Politeness in Singapore
Many may recognise the iconic gold lion wearing a white shirt with a heart logo as the national mascot of the Singapore Kindness Movement (SKM), started in 1997. However, did you know that the movement began as the National Courtesy Campaign (NCC), launched on 1st June 1979 by our founding father Mr Lee Kuan Yew?
Being well-known for his pertinent foresight, the late Mr Lee had an objective of building a country with a culture where people were kind, considerate, and caring of each other. This culminated in a slogan for Singapore’s very first courtesy campaign in 1979, ‘Make Courtesy Our Way of Life’ and the birth of Singa the Lion as the campaign’s mascot, now a ubiquitous symbol of the Singapore Kindness Movement.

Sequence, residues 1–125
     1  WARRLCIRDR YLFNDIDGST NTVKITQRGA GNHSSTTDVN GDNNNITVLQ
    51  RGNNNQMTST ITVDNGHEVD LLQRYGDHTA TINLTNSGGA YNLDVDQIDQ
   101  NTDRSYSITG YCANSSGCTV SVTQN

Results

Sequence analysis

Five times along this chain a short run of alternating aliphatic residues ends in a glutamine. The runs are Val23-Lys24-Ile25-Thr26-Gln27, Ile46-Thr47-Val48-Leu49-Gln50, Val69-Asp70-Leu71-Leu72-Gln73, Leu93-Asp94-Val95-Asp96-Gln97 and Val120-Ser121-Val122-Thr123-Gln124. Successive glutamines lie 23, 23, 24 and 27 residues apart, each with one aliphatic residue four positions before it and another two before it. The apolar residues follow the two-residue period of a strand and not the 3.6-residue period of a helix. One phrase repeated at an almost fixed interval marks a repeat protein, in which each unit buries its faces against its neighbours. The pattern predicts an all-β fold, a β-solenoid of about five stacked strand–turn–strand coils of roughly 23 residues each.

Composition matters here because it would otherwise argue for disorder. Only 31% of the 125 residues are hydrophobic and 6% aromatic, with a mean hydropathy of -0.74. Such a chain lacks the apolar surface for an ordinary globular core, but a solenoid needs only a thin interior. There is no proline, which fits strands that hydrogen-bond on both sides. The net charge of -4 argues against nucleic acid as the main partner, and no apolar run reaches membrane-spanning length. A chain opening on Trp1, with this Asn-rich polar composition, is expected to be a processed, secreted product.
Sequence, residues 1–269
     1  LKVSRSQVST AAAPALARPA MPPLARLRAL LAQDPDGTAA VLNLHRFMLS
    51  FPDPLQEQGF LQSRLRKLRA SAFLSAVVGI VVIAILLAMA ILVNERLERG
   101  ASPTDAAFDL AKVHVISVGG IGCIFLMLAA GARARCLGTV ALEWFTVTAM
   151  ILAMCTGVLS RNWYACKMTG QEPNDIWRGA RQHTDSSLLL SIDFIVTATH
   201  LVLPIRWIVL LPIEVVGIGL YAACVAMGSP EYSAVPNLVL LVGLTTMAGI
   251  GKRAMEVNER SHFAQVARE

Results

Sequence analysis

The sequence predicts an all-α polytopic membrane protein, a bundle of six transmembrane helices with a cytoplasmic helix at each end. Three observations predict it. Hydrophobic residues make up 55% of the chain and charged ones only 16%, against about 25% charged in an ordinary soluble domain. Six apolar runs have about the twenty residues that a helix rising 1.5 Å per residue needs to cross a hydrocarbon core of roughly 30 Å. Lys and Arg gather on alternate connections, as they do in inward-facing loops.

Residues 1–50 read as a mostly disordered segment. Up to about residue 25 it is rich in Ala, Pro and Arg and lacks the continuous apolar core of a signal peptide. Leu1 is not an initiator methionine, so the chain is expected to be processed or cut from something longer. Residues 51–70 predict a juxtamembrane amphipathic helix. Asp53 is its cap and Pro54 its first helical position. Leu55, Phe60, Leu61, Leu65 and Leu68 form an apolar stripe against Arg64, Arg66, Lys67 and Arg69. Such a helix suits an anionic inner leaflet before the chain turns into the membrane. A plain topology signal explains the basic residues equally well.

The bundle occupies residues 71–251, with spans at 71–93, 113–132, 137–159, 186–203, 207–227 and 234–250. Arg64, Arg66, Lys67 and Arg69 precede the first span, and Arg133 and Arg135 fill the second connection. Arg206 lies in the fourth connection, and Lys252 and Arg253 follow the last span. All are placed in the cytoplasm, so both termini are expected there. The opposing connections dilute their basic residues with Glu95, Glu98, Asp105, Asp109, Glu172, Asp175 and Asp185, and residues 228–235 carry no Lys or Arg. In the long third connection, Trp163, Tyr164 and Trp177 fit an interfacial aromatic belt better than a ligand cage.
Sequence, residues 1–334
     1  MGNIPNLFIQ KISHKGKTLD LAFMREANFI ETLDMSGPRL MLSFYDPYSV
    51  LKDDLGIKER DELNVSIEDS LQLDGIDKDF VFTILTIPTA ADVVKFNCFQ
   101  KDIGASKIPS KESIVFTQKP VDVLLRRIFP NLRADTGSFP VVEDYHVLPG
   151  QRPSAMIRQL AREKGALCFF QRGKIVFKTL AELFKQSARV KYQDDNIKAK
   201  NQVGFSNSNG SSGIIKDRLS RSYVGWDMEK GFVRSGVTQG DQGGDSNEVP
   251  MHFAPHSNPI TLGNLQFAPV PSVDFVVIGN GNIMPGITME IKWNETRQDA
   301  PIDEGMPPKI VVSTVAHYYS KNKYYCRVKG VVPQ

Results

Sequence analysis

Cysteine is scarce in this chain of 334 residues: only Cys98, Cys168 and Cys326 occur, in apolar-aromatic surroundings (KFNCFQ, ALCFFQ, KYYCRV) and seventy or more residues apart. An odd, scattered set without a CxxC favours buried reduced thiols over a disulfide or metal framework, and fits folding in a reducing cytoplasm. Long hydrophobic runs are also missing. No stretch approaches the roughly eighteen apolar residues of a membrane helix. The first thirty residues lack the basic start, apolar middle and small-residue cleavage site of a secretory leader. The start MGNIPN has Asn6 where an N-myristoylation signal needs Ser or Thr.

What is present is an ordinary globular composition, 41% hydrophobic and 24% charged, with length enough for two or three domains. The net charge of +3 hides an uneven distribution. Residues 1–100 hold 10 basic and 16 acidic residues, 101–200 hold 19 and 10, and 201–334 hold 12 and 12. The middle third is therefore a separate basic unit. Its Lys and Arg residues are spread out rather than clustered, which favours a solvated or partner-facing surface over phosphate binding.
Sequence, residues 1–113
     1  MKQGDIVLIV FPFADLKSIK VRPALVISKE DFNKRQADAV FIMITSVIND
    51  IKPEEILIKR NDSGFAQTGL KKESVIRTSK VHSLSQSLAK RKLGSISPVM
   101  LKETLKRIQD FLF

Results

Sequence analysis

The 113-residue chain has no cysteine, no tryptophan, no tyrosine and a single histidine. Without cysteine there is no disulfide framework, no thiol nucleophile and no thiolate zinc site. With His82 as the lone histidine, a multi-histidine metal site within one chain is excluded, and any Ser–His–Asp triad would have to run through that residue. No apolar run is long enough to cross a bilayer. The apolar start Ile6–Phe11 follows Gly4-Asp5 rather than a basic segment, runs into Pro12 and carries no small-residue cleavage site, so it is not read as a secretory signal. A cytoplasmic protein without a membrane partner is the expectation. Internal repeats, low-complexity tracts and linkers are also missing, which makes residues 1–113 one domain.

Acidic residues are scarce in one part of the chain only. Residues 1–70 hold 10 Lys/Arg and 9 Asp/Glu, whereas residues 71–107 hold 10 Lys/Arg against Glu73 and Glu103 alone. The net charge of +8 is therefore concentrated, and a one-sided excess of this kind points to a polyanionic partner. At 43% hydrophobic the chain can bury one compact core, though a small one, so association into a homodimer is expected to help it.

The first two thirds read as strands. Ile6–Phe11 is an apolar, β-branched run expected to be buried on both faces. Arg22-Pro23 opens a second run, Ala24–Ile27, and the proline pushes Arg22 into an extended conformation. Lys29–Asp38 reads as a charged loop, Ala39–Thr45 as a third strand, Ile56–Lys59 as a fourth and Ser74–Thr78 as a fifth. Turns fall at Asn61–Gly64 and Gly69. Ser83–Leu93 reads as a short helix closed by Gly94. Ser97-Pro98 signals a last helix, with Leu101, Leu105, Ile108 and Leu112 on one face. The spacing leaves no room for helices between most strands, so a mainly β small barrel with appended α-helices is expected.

The level of kindness, and indeed politeness, which Singaporeans display, both towards each other and foreigners, has always been a topic of much debate. In Chapter 10 of the book Politeness in East Asia (Cambridge University Press, 2011), titled ‘Politeness in Singapore’, Associate Professor Lee Cher Leng (NUS Department of Chinese Studies) looks at what constitutes politeness in Singapore Chinese society and discourse from a post-modern perspective. In this chapter, Assoc Prof Lee elaborates on how traditional Chinese customs relating to politeness are adhered to in modern Singapore Chinese linguistic exchanges, including how such exchanges are influenced by national campaigns such as the NCC. After corroborating her perspectives with analyses of real-life exchanges between Chinese-speaking participants, she concludes with the interesting fact that unlike many other countries, Singapore’s government takes politeness rather seriously, to the extent of initiating national campaigns to perpetuate such a culture. Politeness, therefore, can be viewed not just as an issue between individuals but a national concern as well.